Use of continuous techniques using catheters has the benefit of providing prolonged analgesia titrated to patient response. Addition of an adjuvant in the form of dexamethasone also prolonged the duration of analgesia. The use of dexmedetomidine and morphine has been previously found to prolong the block duration. The onset of analgesia was also very fast as has been reported previously by Kunhabdulla et al.  Anderson et al.  reported the use of continuous SAPB for postoperative analgesia after double lung transplant as part of a multimodal analgesic regimen. The SAPB helped in optimizing the patient’s pulmonary status similar to that seen in our case. They documented a VAS score of up to 5/10 after 24 h, despite using continuous local anesthetic infusion and multimodal analgesic regime (acetaminophen, lidocaine patches, and a fentanyl patient controlled analgesia). The excellent pain relief obtained in the index case might be explained by the use of bolus doses of LA which have recently been proposed to provide superior dermatomal coverage compared to infusions.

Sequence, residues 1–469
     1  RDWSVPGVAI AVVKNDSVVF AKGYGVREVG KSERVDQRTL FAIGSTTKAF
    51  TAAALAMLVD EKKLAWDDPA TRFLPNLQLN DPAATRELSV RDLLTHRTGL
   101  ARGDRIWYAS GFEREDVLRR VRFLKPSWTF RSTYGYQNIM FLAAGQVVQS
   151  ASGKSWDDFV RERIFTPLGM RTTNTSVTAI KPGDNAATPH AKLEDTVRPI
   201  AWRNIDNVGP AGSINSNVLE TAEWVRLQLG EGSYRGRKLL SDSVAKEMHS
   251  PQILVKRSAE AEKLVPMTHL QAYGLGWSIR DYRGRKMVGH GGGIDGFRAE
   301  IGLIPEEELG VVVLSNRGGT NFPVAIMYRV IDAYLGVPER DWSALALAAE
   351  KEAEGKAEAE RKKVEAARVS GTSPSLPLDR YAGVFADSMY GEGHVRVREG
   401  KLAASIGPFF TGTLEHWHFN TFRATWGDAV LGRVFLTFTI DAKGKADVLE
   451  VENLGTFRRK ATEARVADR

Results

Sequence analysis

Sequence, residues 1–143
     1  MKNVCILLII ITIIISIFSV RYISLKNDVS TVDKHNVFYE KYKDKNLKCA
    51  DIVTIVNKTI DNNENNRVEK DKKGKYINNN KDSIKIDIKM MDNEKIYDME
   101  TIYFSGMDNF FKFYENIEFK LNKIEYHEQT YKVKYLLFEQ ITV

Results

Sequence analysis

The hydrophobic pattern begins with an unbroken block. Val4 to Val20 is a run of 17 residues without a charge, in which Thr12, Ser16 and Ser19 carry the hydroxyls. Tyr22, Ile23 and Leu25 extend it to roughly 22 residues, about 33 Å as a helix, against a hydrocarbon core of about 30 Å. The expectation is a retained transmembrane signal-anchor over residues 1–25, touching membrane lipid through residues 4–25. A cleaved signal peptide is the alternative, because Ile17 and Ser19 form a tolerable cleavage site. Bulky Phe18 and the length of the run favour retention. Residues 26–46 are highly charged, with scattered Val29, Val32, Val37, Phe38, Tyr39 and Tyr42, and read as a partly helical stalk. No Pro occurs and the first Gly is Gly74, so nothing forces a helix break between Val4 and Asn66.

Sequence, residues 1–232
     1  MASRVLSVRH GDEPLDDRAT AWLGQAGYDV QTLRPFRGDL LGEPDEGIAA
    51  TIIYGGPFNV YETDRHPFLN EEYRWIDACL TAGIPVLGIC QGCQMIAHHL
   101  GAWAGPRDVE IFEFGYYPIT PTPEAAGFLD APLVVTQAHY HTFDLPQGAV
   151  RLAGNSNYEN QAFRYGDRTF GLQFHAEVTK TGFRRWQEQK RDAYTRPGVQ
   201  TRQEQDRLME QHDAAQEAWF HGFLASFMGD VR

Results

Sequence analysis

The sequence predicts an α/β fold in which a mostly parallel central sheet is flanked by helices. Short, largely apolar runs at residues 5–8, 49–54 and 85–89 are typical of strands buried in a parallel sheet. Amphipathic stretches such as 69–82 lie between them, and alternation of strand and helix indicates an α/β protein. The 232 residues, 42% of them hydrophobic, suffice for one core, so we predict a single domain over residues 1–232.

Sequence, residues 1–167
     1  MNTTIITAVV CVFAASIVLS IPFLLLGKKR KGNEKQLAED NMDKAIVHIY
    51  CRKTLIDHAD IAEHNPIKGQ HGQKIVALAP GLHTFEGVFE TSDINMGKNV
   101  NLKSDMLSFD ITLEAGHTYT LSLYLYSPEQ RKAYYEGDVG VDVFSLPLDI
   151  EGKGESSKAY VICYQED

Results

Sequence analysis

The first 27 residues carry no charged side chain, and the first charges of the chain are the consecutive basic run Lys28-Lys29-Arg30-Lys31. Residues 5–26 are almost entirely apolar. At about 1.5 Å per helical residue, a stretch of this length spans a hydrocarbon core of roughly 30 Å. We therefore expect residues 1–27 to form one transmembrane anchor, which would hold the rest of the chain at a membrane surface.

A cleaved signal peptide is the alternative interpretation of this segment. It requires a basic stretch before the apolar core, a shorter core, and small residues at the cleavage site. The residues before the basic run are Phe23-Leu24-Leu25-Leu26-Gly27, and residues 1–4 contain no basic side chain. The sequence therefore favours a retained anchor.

Considering the simple procedural technique of SAPB, minimal contraindications or complications, fast and effective analgesia, and comfortable patient positioning, we believe that it can be considered a promising regional anesthesia option even in thoracic trauma victims with bilateral trauma. Use of continuous technique provides flexibility of titrating the dose and duration of the block and should be used whenever feasible.
The authors certify that they have obtained all appropriate patient consent forms. In the form the patient (s) has/have given his/her/their consent for his/her/their images and other clinical information to be reported in the journal. The patients understand that their names and initials will not be published and due efforts will be made to conceal their identity, but anonymity cannot be guaranteed.